Sometimes you want to eat flowers. If you’ve ever had a Saint Bernard sort of lean into your person in a protective yet utterly loving way, his deep reserves of beast power evident but undeployed, that’s sort of what this lavender ice cream is like—epically strong, but also…courtly. This cult favorite is like nothing else on our menu. We take two pounds of California lavender flowers and steep them in honey and cream, bringing out an incredibly deep, almost smoky lavender color and a skull- thwacking punch of lavender followed by a sweet touch of honey on your tongue. It is our most divisive flavor.Central Coast Lavender Farm and Apothecary is based in Paso Robles and describes itself as a “modern day” organic lavender farm, distillery, and apothecary.

 

PORTLAND EXCLUSIVES

May in Portland is a rollercoaster rainy mornings with sunny afternoons, first of the season fresh produce, and flower lined streets. This month’s menu features some of our favorite flavors specific to Portland in Spring.

Rhubarb Crumble with Toasted Anise
Nostalgia holds hands with the promise of spring. Our grandma’s recipe for rhubarb crumble, reinterpreted with all the snap and exuberance of the season’s first rhubarb. Cooked slowly in orange juice and cinnamon, with a bit of anise toasted to a dark amber, and folded in with a toothsome, textured crumble, this is our celebratory toast to having made it through another winter. This time of year we love to get up early and forage at the excellent Portland Farmers Market. The rhubarb is young, tender, and delicious.

Wildflower Honey with Ricotta Walnut Lace Cookies
Honey has seasons, too. It’s spring: the flowers are budding, the birds are singing, the bees are buzzing, and the honey is overflowing with floral deliciousness. Really, it’s brazen, in-your-face floral. We fold it into ice cream and it’s almost a tea-like steeping effect–a beautiful bloom of honey ice cream. Crumbles of lemony ricotta walnut lace cookies add a little bit of zest and snap and nuttiness to the experience. We love Bee Local honey because it tastes like everything delicious in Oregon. Bee Local does a ton of education, community support, and direct trade, and they harvest their honey just south of Portland near the wine vineyards.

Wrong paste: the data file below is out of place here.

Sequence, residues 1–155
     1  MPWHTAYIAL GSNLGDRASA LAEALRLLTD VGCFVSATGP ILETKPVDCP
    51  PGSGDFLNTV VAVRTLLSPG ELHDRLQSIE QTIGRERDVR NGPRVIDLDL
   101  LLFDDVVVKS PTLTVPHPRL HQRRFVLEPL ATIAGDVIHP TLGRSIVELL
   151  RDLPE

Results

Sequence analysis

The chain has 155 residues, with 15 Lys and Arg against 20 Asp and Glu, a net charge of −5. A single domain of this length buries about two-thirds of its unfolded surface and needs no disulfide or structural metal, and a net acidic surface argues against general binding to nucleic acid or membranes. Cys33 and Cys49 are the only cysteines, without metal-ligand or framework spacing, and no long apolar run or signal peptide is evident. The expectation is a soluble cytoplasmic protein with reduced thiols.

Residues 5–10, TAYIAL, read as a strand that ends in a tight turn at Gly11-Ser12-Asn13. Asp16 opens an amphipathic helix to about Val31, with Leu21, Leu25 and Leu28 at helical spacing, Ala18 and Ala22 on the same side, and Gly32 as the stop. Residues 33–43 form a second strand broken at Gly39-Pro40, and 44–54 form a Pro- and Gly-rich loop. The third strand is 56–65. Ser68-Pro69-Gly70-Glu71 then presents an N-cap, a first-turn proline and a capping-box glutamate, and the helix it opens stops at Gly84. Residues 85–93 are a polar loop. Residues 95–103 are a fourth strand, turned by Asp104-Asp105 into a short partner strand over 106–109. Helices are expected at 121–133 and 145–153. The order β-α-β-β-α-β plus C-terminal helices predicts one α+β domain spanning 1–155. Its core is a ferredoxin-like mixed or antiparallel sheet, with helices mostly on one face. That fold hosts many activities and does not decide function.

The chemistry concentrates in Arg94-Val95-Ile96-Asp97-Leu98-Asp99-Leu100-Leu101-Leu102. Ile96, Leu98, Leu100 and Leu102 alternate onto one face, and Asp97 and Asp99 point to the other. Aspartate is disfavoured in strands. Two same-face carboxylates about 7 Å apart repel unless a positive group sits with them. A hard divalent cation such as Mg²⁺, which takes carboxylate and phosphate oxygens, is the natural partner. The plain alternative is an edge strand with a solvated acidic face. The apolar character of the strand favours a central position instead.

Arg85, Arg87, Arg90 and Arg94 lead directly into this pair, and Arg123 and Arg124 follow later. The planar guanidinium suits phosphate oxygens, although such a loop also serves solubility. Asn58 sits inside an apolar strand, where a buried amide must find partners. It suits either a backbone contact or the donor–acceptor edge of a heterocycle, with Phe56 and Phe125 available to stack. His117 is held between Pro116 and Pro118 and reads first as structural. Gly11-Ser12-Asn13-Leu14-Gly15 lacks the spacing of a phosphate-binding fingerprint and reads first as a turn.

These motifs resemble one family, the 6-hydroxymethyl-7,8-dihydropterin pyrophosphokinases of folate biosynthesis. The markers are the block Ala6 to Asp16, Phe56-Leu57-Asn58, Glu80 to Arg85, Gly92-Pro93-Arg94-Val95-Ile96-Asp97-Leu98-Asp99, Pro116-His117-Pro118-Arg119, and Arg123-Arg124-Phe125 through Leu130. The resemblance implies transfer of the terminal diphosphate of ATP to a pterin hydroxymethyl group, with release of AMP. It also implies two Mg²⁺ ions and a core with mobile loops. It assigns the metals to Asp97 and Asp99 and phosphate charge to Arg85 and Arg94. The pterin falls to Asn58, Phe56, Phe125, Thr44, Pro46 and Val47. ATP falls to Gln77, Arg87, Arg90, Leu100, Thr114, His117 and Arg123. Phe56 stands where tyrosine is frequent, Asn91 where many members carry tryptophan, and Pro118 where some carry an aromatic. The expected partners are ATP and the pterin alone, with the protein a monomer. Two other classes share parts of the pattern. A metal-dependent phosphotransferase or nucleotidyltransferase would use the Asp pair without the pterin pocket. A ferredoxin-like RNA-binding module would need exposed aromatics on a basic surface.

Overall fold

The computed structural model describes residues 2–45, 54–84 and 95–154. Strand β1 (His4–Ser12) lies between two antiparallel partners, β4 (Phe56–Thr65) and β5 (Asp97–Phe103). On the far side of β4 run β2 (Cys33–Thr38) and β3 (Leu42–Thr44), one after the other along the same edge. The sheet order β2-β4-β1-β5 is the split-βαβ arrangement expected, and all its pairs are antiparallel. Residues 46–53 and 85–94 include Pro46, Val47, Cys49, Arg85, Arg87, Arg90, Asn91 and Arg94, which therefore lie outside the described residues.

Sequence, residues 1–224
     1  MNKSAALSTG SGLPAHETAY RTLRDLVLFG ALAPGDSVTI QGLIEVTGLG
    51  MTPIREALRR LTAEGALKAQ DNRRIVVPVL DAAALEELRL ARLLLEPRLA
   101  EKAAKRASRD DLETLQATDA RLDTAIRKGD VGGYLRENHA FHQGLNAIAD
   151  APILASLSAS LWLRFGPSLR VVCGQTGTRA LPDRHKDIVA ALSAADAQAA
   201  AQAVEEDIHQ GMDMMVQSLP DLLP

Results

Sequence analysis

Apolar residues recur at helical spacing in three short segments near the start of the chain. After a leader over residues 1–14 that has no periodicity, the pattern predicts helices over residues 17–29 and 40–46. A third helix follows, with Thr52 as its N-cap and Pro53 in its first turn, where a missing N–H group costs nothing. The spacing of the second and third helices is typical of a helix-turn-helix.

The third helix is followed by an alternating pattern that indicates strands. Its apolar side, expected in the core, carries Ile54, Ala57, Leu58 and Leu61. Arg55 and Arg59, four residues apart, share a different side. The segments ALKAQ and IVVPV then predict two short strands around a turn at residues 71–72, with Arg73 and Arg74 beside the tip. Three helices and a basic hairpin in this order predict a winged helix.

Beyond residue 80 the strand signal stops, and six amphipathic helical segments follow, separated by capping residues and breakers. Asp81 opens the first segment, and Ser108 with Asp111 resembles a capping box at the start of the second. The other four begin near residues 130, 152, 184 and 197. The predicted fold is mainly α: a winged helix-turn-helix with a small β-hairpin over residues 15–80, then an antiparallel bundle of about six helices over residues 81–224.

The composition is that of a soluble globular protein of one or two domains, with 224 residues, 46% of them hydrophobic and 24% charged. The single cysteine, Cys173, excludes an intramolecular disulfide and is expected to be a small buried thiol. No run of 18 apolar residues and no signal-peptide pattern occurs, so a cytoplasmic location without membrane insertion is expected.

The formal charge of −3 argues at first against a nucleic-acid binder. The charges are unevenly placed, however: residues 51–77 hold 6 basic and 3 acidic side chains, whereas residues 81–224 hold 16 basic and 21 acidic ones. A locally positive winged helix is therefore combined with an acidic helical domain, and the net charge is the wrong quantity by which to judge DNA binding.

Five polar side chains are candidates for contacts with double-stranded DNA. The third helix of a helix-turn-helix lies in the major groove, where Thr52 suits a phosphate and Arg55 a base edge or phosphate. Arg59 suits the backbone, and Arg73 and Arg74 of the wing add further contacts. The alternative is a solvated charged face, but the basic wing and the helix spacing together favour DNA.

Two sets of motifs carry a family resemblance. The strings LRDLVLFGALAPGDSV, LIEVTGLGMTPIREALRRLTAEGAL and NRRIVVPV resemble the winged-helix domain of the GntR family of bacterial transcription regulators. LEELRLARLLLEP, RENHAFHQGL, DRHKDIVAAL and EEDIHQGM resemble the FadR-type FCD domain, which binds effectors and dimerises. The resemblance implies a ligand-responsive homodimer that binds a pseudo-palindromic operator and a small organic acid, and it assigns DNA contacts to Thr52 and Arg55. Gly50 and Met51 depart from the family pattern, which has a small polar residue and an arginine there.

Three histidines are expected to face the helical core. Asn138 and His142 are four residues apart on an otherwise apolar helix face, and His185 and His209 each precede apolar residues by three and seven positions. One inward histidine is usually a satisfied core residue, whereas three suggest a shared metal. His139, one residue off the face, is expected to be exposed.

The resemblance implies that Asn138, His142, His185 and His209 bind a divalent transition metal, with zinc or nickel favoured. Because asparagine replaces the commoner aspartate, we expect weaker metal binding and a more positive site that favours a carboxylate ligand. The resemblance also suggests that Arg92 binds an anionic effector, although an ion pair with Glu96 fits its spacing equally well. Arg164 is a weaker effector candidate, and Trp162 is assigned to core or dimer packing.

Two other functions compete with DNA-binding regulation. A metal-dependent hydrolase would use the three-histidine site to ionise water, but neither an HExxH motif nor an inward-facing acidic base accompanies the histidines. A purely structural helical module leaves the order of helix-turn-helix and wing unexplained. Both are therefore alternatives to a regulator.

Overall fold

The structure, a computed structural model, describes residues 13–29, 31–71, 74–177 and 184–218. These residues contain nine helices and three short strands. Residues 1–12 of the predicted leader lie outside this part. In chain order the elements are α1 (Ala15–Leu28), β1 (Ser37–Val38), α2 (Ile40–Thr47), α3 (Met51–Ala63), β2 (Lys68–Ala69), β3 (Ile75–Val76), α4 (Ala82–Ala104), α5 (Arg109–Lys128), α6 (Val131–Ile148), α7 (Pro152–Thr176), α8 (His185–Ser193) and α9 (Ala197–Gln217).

Strawberry Meadow Marmalade
You are bursting with song. Standing in a sunny, flowery alpine meadow, feeling not unlike Fraulein Maria in The Sound of Music, you wonder what this feeling might taste like. Here, try this: The star of the show is meadow jelly made with Steven Smith’s Meadow tea. With a touch of lemon and honey, it beams culinary rays of bright sunshine and flowers into this light, easy strawberry ice cream made with early Hood berries–you know, the ones that are all kind of goofy and homely this time of year. Steven Smith dedicated his heart and soul to creating incredible teas. His pioneering spirit and discerning palate and, most of all, his joyful creativity, shine through in his wonderful, complex, and delectable teas. We are using his Meadow tea for this ice cream, but you owe it to yourself to try them all.

Cherry Blossom
A cinematic, dreamlike snapshot of spring sunshine filtering through drifts of cherry blossoms. This ice cream is dedicated to that one day in spring when you turn the corner and are struck dumb at the sight of a storm of cherry blossoms caught in a breeze, creating a pink carpet for you to walk on, and demolishing, if only for a moment, all your dumb work stress. A light, milk-based ice cream, round and simple, infused with the taste of actual Japanese cherry blossoms. It is mystical. It is enchanting. You must.

Dandelion Sorbet
100% pure joy. Is life disappointing you because edible spring flowers are not embedded in all of your favorite foods? Here is your solution. A pale yellow, sunshiny sorbet with a pleasant hint of elderberry and dandelion wine that’s chock-full of gorgeous, edible spring flowers. This is one of our most difficult ice creams to make because we have to hand-place every flower into the ice cream, but man, is it beautiful: blue and white borage; purple, yellow, and orange violas; and bright pink rose petals decant playfulness and glee into your hopeful heart.